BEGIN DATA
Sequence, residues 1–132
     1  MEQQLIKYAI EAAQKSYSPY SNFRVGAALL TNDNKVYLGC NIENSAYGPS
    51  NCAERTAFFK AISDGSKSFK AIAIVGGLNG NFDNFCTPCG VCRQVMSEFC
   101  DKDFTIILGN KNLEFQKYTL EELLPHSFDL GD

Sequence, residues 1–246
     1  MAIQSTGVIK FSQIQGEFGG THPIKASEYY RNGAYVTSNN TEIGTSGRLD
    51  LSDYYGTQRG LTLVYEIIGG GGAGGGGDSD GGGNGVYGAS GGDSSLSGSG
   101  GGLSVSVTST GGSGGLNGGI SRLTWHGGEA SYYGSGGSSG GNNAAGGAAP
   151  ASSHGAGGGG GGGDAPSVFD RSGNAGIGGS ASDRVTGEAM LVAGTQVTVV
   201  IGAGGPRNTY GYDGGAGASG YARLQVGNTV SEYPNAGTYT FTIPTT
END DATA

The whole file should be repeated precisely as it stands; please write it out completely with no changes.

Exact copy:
Sequence, residues 1–132
     1  MEQQLIKYAI EAAQKSYSPY SNFRVGAALL TNDNKVYLGC NIENSAYGPS
    51  NCAERTAFFK AISDGSKSFK AIAIVGGLNG NFDNFCTPCG VCRQVMSEFC
   101  DKDFTIILGN KNLEFQKYTL EELLPHSFDL GD

Sequence, residues 1–246
     1  MAIQSTGVIK FSQIQGEFGG THPIKASEYY RNGAYVTSNN TEIGTSGRLD
    51  LSDYYGTQRG LTLVYEIIGG GGAGGGGDSD GGGNGVYGAS GGDSSLSGSG
   101  GGLSVSVTST GGSGGLNGGI SRLTWHGGEA SYYGSGGSSG GNNAAGGAAP
   151  ASSHGAGGGG GGGDAPSVFD RSGNAGIGGS ASDRVTGEAM LVAGTQVTVV
   201  IGAGGPRNTY GYDGGAGASG YARLQVGNTV SEYPNAGTYT FTIPTT